The same principles that determined investor value 40 years ago still hold today. Yet, today utilities that invest relatively more capital tend to create both more profits and more investor wealth than do those with more limited capital expansion. If you’ve been following the logic here, you should be able to determine why that holds. It is not because utility investment today is more profitable than it was in the past. It is less profitable. Utility profit rates in the 1965 to 1980 period averaged 11%; today the average is about 10%. This lower profit rate can create value today because it lies above today’s minimum threshold return.
Some leading institutional economists suggested that as a general rule having a profit rate above a minimum threshold represents good public policy.5 I concur, as long as the minimum threshold return is estimated using finance principles.6 As Alfred Kahn noted, we want utilities to have an incentive to participate in the dynamic progress of the economy.7 Consistently setting the profit rate at the minimum level eliminates the incentive for utilities to invest in anything. Policy makers can use ideas set forth here to create incentives for utilities to invest, but in a nuanced way, applying higher rates of return to more-desirable resources and lower returns to less-desirable ones.8 This creates a larger return gap for the former and a smaller return gap for the latter, making the more-desirable resources more financially attractive to utilities.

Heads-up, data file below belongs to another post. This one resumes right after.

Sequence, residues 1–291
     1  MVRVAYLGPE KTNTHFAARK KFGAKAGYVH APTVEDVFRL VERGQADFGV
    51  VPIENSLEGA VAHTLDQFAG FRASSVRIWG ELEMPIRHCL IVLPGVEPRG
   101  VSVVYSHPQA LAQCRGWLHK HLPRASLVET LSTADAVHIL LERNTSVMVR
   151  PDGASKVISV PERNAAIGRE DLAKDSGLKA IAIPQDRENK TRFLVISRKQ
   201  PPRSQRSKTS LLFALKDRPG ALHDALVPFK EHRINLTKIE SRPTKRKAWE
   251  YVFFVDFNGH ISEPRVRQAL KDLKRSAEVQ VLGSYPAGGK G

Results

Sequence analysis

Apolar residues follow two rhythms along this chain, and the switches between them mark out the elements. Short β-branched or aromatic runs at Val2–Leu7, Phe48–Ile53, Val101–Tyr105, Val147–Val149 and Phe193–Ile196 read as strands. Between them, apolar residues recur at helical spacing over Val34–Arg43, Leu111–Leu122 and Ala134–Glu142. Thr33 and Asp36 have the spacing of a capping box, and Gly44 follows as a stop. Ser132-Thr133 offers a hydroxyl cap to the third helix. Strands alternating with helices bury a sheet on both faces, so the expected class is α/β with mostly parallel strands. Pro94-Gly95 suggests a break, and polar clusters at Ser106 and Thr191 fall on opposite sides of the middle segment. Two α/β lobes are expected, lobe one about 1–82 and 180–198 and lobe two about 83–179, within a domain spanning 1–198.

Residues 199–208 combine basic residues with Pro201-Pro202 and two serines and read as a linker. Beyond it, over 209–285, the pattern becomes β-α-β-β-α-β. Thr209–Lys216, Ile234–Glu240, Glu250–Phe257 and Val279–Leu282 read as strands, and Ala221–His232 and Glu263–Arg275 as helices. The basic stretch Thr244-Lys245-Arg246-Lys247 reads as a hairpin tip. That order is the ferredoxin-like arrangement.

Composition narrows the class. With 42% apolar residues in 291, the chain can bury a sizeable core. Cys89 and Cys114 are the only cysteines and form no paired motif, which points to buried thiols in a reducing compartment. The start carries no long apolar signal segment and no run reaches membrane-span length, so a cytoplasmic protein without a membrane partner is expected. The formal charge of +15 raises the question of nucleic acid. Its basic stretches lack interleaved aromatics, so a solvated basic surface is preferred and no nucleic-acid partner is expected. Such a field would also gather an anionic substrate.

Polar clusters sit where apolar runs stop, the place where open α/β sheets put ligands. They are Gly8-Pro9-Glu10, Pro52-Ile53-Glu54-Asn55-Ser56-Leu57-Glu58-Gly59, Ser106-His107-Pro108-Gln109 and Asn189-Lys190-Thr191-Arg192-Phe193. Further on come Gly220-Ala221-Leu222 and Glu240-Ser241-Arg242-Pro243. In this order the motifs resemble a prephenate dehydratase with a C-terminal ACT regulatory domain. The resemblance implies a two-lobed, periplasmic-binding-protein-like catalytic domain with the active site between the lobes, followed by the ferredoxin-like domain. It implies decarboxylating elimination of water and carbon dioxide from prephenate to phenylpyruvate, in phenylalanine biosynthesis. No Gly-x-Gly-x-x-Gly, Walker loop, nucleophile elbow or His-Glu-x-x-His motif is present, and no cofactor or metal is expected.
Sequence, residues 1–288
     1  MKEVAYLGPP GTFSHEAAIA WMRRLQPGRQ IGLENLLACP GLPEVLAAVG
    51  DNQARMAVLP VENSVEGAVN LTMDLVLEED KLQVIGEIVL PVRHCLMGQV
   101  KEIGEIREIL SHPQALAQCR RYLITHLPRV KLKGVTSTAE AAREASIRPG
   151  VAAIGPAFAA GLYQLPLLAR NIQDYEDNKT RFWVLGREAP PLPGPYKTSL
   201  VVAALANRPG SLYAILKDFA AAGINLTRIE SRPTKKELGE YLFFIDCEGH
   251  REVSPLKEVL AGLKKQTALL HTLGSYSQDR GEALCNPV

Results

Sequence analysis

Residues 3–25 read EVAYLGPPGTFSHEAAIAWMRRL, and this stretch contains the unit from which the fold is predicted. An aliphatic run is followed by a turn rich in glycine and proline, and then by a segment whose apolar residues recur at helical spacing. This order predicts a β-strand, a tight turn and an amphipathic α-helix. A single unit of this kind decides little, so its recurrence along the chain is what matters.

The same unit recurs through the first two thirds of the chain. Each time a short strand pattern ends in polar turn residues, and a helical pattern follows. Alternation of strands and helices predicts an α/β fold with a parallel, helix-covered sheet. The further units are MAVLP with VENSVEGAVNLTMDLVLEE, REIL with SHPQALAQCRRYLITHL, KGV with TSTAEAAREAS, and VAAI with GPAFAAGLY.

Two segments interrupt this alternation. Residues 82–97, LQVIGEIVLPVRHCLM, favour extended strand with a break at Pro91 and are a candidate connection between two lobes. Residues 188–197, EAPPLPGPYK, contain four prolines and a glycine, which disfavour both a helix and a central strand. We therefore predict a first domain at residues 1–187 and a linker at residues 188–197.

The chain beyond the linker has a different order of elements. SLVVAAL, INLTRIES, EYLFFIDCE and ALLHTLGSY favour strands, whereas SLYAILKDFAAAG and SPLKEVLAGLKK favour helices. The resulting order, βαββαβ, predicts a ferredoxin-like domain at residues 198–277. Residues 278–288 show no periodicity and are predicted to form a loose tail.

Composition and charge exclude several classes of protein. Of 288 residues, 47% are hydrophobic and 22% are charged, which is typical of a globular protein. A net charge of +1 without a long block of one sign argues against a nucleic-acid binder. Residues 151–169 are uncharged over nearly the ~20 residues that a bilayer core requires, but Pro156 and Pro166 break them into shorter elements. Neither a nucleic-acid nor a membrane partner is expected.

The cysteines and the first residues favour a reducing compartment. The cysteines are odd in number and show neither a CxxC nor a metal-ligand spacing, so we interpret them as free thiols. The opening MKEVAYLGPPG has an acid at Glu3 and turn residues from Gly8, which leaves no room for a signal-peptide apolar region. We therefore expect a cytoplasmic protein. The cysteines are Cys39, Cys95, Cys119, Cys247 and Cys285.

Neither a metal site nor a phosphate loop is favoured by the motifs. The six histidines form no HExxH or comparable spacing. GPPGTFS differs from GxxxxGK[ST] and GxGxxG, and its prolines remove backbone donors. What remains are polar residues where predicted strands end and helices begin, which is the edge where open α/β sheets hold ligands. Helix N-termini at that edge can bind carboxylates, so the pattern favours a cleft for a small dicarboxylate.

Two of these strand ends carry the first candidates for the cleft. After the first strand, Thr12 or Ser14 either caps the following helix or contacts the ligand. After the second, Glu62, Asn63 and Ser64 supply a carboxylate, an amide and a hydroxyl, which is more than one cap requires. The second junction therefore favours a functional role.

Readers interested in a more thorough exposition of how finance concepts can guide regulators in this manner should see the article that appears in the Journal of Applied Corporate Finance that I co-authored with my colleagues at Lawrence Berkeley National Laboratory and Arizona State University. https://www.seventhwave.org/sites/default/files/corporate-finance2018.pdf
Other related reading: Regulatory Incentives and Disincentives for Utility Investments in Grid Modernization
Steve Kihm is Principal and Chief Economist at Slipstream and Senior Fellow in Finance at Michigan State University’s Institute of Public Utilities. He is a Chartered Financial Analyst.
1Both the profit rate and the minimum return can vary not only from utility to utility, but also from project to project within a particular utility.
2Brealey, R., S. C. Myers, and F. Allen, 2006, Principles of Corporate Finance, (New York, NY: McGraw-Hill Irwin).
3Poitras, G. 1994. Shareholder wealth maximization, business ethics and social responsibility. Journal of Business Ethics, 13, 125-134.
4Jones, R. C., 1990. Designing factor models for different types of stock: What’s good for the goose ain’t always good for the gander. Financial Analysts Journal, 46, 25-30.
5Phillips, C. 1988. The Regulation of Public Utilities, (Arlington, VA: Public Utility Reports).
6For example, the minimum acceptable return should reflect only the firm’s sensitivity to economy-wide systematic risks.
7Kahn, A. 1988. The Economics of Regulation, (Cambridge, MA: MIT Press).
8Regulators can also affect the gap by implementing policies that affect the investors’ minimum acceptable return, a discussion which is beyond the scope of this introductory post.